Is there any leadership advice more common than this? To be a great leader, you must inspire others to do their best work.
The problem is, it’s not entirely true. To be a great leader, you must inspire others to become great leaders themselves. Essentially, you must be a talent multiplier, someone who creates a climate and culture in which developing others is as important as developing oneself.
Multiplying talent begins with targeting talent—that is, identifying, assessing, and leveraging potential in others to match the right people to the right roles.
Shelley Cascio, a Group Insurance regional sales vice president, looks for individuals who want to learn, grow, challenge themselves, and who have a passion for their work. When interviewing job candidates, she especially wants to know about their professional goals. The best way to do this is also the simplest. “I listen to them,” Cascio explains. “I want to know what drives them so that I can find the right development opportunities for them. For instance, not everyone wants to move up a hierarchy, so I find appropriate ways to grow their skills.”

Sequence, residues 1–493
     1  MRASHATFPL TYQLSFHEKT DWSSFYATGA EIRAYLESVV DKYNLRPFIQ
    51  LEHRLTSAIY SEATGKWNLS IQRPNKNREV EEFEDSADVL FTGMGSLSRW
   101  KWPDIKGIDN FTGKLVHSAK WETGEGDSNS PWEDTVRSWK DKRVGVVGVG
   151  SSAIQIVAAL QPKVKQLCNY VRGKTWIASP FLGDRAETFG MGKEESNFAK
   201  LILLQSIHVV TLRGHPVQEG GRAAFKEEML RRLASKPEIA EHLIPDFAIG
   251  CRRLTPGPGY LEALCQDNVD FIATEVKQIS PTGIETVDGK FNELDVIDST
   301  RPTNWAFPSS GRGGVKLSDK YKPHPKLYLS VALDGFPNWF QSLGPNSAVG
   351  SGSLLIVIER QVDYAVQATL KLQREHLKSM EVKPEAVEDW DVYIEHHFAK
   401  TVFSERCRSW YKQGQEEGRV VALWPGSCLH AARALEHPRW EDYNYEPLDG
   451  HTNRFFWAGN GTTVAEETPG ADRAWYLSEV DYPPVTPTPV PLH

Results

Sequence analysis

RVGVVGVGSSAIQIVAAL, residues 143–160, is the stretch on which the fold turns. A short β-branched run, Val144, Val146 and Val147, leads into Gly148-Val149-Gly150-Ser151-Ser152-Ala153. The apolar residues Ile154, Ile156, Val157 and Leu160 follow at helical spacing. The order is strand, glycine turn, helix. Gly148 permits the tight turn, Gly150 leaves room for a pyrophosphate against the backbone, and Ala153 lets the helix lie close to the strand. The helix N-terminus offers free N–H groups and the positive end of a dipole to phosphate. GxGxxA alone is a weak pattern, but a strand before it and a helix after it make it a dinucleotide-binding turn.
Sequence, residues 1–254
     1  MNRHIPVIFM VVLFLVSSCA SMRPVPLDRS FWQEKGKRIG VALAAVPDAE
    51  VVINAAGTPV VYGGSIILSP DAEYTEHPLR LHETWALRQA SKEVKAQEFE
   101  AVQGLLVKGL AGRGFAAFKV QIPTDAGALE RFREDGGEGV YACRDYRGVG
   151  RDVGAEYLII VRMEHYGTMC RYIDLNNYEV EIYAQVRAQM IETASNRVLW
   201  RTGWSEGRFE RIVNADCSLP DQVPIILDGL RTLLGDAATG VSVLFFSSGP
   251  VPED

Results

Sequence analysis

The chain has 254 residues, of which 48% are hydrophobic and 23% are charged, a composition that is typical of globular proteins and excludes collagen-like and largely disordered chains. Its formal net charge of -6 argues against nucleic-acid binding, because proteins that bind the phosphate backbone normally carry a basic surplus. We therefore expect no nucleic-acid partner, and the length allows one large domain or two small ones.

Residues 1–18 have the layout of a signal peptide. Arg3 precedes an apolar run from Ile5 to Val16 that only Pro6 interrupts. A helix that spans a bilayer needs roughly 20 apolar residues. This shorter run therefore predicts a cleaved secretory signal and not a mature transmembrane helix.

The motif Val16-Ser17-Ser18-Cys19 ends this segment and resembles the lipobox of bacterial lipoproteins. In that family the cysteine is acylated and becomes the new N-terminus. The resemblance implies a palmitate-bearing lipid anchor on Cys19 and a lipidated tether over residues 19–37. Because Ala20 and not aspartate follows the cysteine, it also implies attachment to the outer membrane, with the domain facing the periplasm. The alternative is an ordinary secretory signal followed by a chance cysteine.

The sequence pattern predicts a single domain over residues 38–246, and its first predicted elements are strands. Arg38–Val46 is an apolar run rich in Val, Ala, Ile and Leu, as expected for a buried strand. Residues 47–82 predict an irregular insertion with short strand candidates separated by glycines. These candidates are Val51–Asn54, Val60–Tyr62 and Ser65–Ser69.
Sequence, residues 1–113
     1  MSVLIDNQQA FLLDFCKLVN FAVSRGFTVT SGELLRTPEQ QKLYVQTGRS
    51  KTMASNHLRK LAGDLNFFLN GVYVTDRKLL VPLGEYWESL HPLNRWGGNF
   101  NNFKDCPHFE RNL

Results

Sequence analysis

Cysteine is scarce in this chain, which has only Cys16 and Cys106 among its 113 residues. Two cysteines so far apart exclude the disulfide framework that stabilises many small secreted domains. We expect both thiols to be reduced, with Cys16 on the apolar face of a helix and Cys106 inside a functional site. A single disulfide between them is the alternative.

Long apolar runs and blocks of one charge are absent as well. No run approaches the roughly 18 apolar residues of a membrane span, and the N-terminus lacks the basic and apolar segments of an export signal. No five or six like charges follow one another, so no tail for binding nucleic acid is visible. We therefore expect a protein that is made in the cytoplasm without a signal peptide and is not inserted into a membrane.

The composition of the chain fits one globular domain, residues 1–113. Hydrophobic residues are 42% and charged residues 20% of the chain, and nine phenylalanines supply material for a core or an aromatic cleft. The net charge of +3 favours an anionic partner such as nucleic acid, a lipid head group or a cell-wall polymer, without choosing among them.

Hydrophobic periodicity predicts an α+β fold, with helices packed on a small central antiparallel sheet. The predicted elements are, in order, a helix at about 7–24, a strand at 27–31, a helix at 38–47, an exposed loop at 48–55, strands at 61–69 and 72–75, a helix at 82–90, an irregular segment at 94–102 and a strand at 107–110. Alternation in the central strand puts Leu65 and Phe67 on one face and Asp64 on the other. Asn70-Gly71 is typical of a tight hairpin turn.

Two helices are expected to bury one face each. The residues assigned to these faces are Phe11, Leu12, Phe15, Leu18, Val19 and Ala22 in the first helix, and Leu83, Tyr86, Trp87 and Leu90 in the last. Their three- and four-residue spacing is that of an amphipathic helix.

Cascio also adds that no amount of bullets on a résumé can substitute for having the right personality. “I want to see how someone thinks and makes decisions,” says Cascio, who recalls early in her career having a manager who constantly asked, “So, what do you think?”
“I got so frustrated. I hated it!” she reveals. “But now I love him for challenging me,” adding that “the better you understand how people think, the better able you are to bring out their best.”
Meanwhile, Greg Vega, an Internal Audit senior audit manager, tailors assignments for his direct reports by aligning their work with formal “individual development plans. ” He is focused on learning about his team members’ long- and short-term goals any chance he gets—not just the annual review process.
“It’s important to have conversations around development regularly,” he points out. “We’re all so busy that sometimes all we think about is getting tasks done, but if you don’t schedule formal meetings with people, then development opportunities for them can easily pass.” Plus, such consistent conversations show employees that you care about them as individuals and are invested in their success.
Even when such success may not tie into your own goals. Sometimes an employee’s aspirations may lie outside of the person’s department, or even Prudential. “It’s important not to limit that individual by coaching the person to stay in a role or area that isn’t ideal,” Vega advises. “You always have to be willing to encourage employees to reach their full potential, wherever that might be.”
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